In 1938 the FDA was given regulatory authority over experimental drugs. But it wasn't until 1961 that it regulated clinical trials and their methods. In 1954, a foundation performed a methodologically controversial trial with 1.6 million children, ages 6 to 8. It was called the National Foundation for Infantile Paralysis's Salk Vaccine Trial. As we hurdle at "warp speed" to a COVID-19 vaccine, perhaps we can reflect on how much has changed, or not, in our search for safe, effective vaccines.
The media reports of a polio-like condition mostly impacting children sound pretty scary. But let's give acute flaccid myelitis, also known as AFM, some well-needed context.
When is it safe to stop vaccinating against measles? Or against other rare and infectious diseases? In short, vaccinating against them can cease once the threat of future transmission is deemed sufficiently low.
Death knells are beginning to ring for poliovirus. The CDC reports that, in 2014, there were 359 new cases of wild poliovirus in nine countries. Just one year later, the number of new cases dropped to 74, a nearly 80% reduction.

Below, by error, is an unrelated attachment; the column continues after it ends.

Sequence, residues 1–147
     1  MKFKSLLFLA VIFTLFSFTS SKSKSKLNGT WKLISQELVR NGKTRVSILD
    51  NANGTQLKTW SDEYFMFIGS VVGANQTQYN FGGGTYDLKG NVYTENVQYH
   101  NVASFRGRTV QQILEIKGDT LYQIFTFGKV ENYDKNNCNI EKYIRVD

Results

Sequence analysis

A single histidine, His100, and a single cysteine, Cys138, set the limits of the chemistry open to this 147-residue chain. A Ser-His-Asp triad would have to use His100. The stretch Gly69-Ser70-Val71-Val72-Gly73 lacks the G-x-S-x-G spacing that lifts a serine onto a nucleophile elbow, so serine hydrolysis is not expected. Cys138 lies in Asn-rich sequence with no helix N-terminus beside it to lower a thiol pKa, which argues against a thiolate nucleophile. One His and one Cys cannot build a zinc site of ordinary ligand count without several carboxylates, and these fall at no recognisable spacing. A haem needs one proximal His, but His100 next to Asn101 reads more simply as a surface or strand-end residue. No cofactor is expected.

The fight for polio eradication has been making a lot of progress recently but there is unfortunate news this week from the Ukraine: 2 new cases have popped up in the country.
Polio has been out of Africa for over one full year now as there has yet to be a diagnosed case in the continent since July 24, 2014. This should sound like a cause for celebration as it should signify a major milestone in the fight to eradicate the disease, however, many are still worried about the state of the eradication effort both in Africa and globally.
This past Sunday, April 12th, marked the 60th anniversary of Jonas Salk s polio vaccine being deemed safe, effective and potent after the largest clinical trial for a vaccine in history. The inactivated polio vaccine was licensed by the federal
New York State Attorney General cites American Council on Science and Health Director of Chemical and Pharmaceutical Science Dr. Josh Bloom and ACSH Advisor Dr. David Seres in criticizing dietary supplements. Read more here.
An ongoing, early-stage trial of a viral-induced immunological suppression of a highly lethal brain cancer has yielded remarkable results in a small study. And the virus perhaps curing glioblastoma: none other than polio!